Wednesday, June 10, 2009

Consensus on Meaning of 'Readiness' Remains Elusive

What knowledge and skills do students need for college?

By Sterling C. Lloyd | Ed Week
June 11, 2009

Policymakers from across the ideological spectrum affirm the benefits of a college education. Few campaign speeches are completed without a pledge to help more people secure them. Despite such enthusiasm, the backdrop for policy debates continues to be formed by a host of disconcerting statistics about the college readiness and college-completion rates of American students.

The National Center for Education Statistics reports that 42 percent of entering students at two-year postsecondary institutions enroll in remedial courses, for example. And the Paris-based Organization for Economic Cooperation and Development ranks the United States just 12th among developed nations in the percentage of 25- to 34-year-olds with college degrees.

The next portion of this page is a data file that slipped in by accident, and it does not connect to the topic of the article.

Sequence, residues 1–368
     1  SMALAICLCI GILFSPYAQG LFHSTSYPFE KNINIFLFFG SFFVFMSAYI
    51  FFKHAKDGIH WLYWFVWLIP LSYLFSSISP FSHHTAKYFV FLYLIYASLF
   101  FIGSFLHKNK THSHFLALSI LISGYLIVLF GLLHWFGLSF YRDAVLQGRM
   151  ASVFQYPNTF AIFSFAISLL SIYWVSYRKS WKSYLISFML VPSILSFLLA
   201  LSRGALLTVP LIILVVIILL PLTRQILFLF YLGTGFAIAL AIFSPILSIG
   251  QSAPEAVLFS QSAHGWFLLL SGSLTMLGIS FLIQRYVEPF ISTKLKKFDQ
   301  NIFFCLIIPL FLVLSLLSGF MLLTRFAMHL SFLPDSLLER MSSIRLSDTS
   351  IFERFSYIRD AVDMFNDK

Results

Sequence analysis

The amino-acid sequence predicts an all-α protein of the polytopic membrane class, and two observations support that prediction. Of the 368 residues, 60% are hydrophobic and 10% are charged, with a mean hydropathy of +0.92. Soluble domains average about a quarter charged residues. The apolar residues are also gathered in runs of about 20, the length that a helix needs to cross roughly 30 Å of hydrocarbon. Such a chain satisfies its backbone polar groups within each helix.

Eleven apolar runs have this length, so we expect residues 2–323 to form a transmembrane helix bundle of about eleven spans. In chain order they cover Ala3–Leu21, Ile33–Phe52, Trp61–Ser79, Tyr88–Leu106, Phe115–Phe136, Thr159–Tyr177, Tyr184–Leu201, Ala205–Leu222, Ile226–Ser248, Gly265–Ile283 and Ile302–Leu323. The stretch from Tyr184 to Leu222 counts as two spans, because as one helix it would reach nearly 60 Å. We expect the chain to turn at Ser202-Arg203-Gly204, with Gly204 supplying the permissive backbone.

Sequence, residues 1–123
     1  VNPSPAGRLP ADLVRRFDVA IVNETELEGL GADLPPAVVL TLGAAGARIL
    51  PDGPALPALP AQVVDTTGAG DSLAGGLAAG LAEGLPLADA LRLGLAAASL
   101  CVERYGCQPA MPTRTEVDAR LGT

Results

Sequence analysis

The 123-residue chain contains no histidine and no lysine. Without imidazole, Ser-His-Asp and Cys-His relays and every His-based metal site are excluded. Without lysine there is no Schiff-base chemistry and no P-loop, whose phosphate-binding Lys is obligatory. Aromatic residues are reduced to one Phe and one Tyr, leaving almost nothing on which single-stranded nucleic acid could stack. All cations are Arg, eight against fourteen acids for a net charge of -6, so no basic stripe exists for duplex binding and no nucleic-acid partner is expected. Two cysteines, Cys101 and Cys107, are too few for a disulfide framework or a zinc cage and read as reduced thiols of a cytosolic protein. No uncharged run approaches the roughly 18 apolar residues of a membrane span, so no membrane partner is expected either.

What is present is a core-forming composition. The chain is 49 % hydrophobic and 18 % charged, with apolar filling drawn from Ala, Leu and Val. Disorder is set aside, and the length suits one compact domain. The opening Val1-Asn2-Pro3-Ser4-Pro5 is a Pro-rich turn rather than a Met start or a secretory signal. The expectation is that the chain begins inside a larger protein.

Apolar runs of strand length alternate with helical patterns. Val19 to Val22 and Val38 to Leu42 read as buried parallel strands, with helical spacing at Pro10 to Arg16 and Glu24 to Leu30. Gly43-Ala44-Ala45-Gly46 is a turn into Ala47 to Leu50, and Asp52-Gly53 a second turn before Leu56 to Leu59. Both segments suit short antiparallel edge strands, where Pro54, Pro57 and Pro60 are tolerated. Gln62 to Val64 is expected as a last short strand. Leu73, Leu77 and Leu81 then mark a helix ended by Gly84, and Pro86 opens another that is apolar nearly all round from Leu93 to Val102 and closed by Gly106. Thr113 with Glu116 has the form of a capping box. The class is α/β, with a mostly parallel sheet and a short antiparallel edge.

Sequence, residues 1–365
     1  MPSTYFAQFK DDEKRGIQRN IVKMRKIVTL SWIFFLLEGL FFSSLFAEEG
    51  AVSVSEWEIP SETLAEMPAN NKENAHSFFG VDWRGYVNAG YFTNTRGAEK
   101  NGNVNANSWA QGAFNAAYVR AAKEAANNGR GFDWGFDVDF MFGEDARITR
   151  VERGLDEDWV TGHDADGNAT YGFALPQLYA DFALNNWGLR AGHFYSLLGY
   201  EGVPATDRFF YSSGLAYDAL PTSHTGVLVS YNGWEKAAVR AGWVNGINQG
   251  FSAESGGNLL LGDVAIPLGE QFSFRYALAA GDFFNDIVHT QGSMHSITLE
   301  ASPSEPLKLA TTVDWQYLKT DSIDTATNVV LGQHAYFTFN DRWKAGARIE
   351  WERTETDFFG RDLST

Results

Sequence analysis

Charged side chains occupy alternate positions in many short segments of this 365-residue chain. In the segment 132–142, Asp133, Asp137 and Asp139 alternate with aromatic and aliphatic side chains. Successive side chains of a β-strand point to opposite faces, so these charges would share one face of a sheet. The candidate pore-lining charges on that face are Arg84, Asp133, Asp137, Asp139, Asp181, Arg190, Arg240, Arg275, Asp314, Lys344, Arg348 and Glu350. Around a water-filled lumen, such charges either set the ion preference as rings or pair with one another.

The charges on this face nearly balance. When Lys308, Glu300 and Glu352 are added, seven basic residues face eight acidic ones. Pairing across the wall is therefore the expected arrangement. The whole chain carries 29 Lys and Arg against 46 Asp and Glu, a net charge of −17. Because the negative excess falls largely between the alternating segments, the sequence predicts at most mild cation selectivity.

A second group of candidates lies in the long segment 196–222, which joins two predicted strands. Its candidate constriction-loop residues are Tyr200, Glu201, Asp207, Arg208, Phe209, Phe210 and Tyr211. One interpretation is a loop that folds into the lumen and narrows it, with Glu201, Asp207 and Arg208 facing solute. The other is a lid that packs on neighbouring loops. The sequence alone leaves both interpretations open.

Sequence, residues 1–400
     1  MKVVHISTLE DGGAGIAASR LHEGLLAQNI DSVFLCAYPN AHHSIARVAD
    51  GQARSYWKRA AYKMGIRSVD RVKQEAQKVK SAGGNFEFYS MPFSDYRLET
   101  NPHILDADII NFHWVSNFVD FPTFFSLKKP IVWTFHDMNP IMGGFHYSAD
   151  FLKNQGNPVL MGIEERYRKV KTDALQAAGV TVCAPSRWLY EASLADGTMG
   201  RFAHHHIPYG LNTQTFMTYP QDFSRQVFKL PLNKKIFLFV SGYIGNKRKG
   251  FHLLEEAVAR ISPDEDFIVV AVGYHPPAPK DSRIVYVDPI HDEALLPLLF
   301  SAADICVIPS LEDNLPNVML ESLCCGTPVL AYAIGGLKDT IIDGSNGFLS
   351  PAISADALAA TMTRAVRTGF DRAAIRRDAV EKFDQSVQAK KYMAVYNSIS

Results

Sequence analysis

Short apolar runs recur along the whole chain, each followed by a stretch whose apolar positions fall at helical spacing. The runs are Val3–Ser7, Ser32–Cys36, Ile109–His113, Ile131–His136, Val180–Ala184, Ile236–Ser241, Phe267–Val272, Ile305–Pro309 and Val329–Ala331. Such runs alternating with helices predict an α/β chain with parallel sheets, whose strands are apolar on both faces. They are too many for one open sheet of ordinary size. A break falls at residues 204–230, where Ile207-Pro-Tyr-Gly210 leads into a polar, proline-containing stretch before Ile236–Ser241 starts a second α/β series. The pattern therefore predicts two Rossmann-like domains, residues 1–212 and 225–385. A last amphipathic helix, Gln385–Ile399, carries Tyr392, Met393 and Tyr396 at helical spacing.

Read on

Defining College Readiness

Twenty states spell out skills and knowledge students need to be college-ready. In those states, readiness expectations are communicated using one or more of the following strategies: courses, skills, standards, and tests. Fourteen states include academic-content standards in their definitions of college readiness, and 13 recommend or require college-preparatory courses. Fewer states use definitions that incorporate specific test scores or rely on narrative descriptions of skills needed for college success. Thirteen of the 20 states use multiple strategies to define readiness.

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